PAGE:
Aaron Preston (Commentator) is a Professor of Philosophy at Valparaiso University. He studied classics (B.A.) and theology (M.Th.) before earning his PH.D. in philosophy under Dallas Willard at USC. His early work developed a historical and metaphilosophical critique of the analytic tradition in philosophy, related to its role in what Dallas called “the disappearance of moral knowledge,” and he later helped to complete and publish Dallas’s final academic book on this topic: The Disappearance of Moral Knowledge (Routledge, 2018). 

This is the fifth session of the 2023 Colloquium hosted by Westmont College to study and compare the ethical and moral writings of Dallas Willard and Dietrich von Hildebrand.

Paul Nedelisky - The Engines of the Zeitgeist: How the Old Moral Knowledge Has Been Replaced

This is the final session of the 2023 Colloquium hosted by Westmont College to study and compare the ethical and moral writings of Dallas Willard and Dietrich von Hildebrand.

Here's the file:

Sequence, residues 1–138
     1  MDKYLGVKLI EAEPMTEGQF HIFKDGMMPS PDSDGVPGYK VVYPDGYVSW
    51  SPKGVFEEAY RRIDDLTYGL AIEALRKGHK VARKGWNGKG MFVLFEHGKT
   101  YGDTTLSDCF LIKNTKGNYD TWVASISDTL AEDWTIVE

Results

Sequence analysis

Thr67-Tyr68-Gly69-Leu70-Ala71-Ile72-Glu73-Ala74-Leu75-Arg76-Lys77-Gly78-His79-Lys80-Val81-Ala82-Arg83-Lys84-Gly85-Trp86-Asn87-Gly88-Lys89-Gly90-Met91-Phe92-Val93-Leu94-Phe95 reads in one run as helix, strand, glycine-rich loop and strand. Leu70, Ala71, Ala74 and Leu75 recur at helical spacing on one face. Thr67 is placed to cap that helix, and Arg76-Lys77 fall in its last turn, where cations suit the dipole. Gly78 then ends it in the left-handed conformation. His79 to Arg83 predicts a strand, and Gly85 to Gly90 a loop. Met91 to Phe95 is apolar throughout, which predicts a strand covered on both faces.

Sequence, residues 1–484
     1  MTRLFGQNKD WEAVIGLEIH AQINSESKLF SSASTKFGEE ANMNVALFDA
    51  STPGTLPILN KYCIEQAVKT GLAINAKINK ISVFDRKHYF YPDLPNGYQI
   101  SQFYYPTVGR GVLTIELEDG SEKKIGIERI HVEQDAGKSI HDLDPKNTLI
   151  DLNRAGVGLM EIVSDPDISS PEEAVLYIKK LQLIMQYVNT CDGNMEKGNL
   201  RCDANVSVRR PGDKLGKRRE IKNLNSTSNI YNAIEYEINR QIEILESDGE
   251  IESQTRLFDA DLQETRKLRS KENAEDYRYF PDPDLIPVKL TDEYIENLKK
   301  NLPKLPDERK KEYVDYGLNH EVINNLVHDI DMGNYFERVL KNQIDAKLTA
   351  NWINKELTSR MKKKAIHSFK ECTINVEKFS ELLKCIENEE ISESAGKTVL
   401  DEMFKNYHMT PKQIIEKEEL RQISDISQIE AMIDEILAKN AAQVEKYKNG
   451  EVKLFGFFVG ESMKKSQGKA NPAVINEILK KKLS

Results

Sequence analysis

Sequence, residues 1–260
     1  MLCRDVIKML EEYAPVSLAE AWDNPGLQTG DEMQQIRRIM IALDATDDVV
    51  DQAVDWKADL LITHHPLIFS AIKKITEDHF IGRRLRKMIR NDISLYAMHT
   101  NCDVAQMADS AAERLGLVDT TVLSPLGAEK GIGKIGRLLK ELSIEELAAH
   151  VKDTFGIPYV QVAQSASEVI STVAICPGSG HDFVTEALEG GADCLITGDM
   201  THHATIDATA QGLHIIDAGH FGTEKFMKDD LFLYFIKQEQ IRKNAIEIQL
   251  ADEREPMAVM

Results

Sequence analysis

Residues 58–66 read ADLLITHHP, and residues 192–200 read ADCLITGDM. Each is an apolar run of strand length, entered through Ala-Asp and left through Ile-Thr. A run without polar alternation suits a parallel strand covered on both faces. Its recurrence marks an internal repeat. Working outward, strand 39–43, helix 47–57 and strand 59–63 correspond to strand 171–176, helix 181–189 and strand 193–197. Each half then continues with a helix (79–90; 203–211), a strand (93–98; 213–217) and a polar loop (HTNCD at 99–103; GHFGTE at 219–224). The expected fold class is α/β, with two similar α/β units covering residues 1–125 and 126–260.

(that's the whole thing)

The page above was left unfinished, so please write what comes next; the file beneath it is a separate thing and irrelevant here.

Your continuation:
Paul Nedelisky (Presenter) is an Assistant Director and a Fellow at the Institute for Advanced Studies in Culture and a professor of philosophy at James Madison University. He is also coauthor, with James Davison Hunter, of Science and the Good: The Tragic Quest for the Foundations of Morality. His research interests center on issues in metaphysics and ethics. His work in metaphysics concerns the nature of the fundamental constituents of reality—the basic building blocks of the world. 

Thomas Albert (Tal) Howard (Commentator) is Professor of Humanities and History and holder of the Phyllis and Richard Duesenberg Chair in Christian Ethics at Valparaiso University. He also serves as a Senior Fellow for the Lilly Fellows Program in Humanities and the Arts. Prior to coming to Valparaiso, he taught at Gordon College, where he founded and directed the Jerusalem and Athens Forum honors program and led the Center for Faith and Inquiry.

Brandon Paradise - Commentator on Hildebrand and the Disappearance of Moral Knowledge